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OK Grace Tse

刊登日期: 2018.10.19
作者: Grace Tse  

Whether you are good at English or not, you might find the expression “OK” very easy to use. This two-letter word is so popular around the world that a lot of non-English speakers even mix it with their own mother tongue. Thus, it is not surprising that you often hear this expression uttered by Hong Kong people from all walks of life. 

OK? ( Are you OK? ) 

What do the two letters stand for? There are many explanations, and one of the most accepted stories originated in the middle of the 19th century. According to Allen Walker Read, an etymologist, the word “OK” was a shortened version of “oll korrect”, a playful misspelling of “all correct”. He noted that at that time, there was a fad where people deliberately formed acronyms from comical misspellings.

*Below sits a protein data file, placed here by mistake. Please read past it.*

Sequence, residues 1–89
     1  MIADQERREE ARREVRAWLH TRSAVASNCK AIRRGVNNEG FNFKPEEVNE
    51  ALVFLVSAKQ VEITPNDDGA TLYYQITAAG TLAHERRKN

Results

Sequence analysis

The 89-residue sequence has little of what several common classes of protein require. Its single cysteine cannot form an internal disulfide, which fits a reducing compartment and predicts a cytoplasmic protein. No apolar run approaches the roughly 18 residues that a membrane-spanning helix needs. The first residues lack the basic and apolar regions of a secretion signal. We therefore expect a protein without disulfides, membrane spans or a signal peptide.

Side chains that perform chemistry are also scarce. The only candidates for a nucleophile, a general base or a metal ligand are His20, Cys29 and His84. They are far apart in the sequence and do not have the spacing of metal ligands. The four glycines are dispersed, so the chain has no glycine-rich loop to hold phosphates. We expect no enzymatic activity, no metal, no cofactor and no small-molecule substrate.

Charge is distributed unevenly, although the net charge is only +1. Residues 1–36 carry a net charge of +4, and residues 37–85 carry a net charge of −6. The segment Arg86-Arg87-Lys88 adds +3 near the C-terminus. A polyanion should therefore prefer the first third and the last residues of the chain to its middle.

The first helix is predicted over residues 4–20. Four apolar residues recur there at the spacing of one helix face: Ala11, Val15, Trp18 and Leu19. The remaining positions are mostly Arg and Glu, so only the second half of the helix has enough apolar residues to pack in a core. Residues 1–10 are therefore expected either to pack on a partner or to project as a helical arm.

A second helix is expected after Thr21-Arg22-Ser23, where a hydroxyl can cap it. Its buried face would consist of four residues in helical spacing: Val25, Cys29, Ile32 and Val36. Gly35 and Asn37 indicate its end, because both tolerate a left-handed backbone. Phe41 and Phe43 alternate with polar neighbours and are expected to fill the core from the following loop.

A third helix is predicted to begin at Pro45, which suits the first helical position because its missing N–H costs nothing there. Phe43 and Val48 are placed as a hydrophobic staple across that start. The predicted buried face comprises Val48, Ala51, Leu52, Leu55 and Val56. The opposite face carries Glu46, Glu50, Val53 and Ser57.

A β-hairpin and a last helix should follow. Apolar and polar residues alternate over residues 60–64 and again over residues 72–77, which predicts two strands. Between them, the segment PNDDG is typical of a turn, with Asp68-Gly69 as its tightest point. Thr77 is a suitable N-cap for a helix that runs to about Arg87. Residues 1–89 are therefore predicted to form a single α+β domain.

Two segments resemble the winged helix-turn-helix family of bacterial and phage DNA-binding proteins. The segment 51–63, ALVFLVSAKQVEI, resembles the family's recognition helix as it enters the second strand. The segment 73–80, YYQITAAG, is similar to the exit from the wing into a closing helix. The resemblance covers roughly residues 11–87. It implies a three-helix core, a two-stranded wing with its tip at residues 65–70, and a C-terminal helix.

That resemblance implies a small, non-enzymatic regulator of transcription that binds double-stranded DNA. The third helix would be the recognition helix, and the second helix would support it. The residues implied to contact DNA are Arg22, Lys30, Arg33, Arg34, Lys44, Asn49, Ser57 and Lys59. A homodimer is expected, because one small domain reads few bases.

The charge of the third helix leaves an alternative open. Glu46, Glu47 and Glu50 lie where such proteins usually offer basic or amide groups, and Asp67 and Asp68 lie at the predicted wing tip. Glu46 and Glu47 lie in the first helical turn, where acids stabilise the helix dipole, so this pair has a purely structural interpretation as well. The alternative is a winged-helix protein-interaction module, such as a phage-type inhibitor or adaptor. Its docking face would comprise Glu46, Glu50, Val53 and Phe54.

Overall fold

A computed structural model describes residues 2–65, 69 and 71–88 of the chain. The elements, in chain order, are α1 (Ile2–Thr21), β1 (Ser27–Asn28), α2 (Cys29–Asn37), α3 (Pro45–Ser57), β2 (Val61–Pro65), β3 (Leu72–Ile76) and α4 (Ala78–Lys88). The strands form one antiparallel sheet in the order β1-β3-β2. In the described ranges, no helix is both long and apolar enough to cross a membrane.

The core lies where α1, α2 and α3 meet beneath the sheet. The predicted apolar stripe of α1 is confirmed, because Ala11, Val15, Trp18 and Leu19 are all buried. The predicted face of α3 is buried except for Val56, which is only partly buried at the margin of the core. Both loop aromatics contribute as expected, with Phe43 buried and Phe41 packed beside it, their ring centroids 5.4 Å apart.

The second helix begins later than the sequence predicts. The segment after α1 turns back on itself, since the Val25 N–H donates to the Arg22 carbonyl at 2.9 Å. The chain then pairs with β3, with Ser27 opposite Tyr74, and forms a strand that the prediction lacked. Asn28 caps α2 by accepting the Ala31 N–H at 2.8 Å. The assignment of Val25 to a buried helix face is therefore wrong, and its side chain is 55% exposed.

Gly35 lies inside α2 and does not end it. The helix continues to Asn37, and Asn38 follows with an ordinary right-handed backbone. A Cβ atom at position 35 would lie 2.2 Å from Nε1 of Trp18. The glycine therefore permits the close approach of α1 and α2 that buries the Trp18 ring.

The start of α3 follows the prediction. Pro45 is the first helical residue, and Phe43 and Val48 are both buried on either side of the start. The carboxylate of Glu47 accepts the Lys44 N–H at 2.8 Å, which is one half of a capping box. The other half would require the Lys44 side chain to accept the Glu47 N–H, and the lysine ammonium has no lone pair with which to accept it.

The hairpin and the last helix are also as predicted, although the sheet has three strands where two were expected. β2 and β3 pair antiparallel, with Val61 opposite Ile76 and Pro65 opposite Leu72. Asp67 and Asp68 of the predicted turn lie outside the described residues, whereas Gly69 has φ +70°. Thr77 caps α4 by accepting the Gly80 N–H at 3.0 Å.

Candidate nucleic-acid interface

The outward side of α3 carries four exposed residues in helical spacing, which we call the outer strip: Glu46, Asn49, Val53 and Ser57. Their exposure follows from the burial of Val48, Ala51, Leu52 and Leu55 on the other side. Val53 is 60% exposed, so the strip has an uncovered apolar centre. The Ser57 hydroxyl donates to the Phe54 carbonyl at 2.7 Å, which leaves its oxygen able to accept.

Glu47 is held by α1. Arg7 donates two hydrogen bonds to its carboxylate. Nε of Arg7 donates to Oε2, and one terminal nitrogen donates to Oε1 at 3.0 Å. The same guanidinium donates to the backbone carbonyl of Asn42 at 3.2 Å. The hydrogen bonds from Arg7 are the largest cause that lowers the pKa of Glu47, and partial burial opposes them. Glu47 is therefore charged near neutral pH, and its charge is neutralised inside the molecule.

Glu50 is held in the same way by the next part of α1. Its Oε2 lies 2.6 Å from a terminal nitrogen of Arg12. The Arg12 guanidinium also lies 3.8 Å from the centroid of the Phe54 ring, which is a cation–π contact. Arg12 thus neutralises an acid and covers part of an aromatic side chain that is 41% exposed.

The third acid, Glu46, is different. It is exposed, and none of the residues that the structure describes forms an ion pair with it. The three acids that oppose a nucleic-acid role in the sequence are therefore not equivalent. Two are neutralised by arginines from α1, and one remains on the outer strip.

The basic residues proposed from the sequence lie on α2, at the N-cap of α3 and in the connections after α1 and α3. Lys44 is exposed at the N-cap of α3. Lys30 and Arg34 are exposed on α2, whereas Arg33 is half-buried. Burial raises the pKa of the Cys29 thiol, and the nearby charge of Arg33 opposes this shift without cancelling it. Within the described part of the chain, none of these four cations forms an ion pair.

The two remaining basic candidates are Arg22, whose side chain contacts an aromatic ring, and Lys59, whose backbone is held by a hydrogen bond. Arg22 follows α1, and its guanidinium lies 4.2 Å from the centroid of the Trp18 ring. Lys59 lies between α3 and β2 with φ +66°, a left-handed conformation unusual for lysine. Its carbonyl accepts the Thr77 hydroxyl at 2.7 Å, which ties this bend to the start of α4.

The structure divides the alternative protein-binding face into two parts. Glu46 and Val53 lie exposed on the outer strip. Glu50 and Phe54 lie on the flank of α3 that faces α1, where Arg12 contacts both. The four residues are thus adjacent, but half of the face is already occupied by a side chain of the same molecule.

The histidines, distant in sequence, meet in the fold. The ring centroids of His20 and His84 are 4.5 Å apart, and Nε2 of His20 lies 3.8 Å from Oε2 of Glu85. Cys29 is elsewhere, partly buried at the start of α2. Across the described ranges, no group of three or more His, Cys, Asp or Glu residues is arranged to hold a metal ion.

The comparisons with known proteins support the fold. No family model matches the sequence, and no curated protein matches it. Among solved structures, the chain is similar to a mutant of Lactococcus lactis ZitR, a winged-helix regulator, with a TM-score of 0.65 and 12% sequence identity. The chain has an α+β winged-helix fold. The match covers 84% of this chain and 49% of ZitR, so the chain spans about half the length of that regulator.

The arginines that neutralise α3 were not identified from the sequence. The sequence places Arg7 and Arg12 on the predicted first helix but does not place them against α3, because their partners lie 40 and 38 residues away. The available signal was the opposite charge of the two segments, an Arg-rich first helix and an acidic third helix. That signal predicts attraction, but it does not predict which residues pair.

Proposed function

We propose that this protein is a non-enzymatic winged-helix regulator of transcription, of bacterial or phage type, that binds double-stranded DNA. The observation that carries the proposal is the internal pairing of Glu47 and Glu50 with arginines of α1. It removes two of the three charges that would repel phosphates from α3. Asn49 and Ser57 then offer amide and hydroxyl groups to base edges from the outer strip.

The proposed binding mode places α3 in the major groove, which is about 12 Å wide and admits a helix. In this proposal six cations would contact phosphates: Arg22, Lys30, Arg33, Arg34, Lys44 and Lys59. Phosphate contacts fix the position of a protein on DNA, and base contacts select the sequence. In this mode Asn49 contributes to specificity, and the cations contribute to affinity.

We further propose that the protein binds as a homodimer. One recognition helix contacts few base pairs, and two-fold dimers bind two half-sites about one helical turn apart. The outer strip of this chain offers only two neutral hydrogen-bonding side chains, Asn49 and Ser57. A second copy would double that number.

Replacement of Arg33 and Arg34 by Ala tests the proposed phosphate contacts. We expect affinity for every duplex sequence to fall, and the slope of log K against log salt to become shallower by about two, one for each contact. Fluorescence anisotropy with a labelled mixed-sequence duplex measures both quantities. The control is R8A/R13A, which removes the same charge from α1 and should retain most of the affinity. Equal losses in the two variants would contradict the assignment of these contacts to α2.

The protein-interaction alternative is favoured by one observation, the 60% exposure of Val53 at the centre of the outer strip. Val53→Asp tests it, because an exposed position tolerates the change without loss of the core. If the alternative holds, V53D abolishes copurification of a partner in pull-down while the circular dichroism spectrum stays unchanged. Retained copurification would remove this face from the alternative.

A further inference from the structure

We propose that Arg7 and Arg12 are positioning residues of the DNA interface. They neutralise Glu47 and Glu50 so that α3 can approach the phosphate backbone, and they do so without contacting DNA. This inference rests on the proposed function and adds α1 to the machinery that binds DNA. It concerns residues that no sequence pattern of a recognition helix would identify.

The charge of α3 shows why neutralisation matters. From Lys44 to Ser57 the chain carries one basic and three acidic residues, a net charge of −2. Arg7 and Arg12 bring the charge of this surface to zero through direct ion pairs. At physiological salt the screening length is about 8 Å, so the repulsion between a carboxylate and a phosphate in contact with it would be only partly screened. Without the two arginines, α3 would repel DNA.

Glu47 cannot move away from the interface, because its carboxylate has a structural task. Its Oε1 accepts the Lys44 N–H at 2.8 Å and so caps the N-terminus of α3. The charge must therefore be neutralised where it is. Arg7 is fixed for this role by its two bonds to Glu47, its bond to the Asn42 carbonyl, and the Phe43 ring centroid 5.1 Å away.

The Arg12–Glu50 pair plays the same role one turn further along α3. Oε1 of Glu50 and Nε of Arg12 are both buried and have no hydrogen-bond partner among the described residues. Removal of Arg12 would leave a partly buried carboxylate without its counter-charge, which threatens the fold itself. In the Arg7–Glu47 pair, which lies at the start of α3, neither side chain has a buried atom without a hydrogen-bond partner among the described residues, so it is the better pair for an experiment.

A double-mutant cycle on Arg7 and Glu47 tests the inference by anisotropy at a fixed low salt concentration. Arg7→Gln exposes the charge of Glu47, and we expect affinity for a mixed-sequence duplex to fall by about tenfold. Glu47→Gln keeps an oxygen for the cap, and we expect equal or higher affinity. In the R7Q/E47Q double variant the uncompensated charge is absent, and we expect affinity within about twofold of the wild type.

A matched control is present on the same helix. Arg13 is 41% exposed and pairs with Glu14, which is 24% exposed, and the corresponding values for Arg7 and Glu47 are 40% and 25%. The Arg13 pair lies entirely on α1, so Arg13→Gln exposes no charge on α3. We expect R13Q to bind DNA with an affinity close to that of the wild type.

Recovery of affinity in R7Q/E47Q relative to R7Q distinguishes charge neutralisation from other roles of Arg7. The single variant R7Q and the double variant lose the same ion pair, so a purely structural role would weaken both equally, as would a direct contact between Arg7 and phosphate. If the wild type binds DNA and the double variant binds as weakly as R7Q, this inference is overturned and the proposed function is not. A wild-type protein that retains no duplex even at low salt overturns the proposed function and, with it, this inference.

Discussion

Its written form first appeared in “Boston Morning Post”, an American newspaper, in 1839: 

“He … would have the ‘contribution box’, et ceteras, o.k.—all correct—and ….” 

Nowadays, the saying “OK” means acceptable or satisfactory. It has several written forms and grammatical functions. 

O.K. () Let’s start the talk now. (interjection) 

Luckily our apartment was ok (沒事) after the typhoon. (adjective) 

The manager gave an o.k. (批准) to the proposal. (noun) 

I did okay (不錯) in the test. (adverb) 

Despite being frequent in daily conversation, you seldom find this expression in formal writing, such as speeches, announcements and official correspondences. Thus, your teacher may not consider it OK if you use it in your homework. 


 

Glossary 

All walks of life 

社會各階層

Playful 

開玩笑的

Comical 

滑稽的

Acceptable 

可以接受的

Satisfactory 

令人滿意的

Speeches 

演辭

Announcements 

布告

Official correspondences 

公函

 


 

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